Cranston philanthropist Joseph Caramadre took the witness stand in federal court in Providence on Wednesday in an attempt to explain why he plead guilty last Nov. 19 to fraud charges, but now claims he's innocent.
Caramadre admitted to stealing the identity of terminally ill patients, using their names on insurance annuities and making himself and investors the beneficiaries. The annuities included death benefits, which allowed Caramadre and his investors the opportunity to pocket millions in profits.
On Dec. 8, Caramadre filed papers requesting to withdraw his guilty plea.
He claims his trial lawyers, Anthony Traini and Michael Lepizzera, were ineffective counsel. He testified that his lawyers failed to aggressively cross examine the first four witnesses who testified against him.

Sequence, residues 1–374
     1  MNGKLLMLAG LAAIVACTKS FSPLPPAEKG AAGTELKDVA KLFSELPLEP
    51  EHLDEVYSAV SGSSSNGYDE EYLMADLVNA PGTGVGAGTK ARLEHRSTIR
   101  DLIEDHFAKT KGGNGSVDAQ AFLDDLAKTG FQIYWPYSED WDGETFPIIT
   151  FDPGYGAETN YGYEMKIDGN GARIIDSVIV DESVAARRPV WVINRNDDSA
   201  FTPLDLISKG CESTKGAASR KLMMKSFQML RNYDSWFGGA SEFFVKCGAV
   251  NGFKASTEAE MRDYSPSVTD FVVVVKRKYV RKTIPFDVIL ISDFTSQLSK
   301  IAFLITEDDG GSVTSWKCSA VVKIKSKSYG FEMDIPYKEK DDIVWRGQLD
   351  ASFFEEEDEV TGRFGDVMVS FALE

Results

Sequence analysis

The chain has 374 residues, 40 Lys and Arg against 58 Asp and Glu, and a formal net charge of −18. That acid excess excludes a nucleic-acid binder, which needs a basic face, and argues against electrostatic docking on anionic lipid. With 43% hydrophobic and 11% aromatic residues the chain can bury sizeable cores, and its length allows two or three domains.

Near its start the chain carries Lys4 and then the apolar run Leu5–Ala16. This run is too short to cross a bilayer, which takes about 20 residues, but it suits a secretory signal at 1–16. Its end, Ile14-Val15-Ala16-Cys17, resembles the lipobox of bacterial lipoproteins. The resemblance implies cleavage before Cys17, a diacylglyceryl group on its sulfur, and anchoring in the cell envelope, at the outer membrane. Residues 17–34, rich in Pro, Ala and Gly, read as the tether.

"After hearing that testimony, Anthony Traini said, 'This looks really bad," Caramadre testified.
The disgraced philanthropist also accused Traini of planning all along to seek a plea agreement with the government.
Caramadre claims he's been treated for depression for years. And after the devastating testimony during the first days of his trial, his wife, Paula, became so distraught she "went into a deep depression, and couldn't get out of bed."
Caramadre says he also talked with friends about "suicide", but never intended to kill himself.
U.S. District Court Judge William Smith will decide soon, whether Caramadre will be allowed to withdraw his guilty plea, and stand trial once again.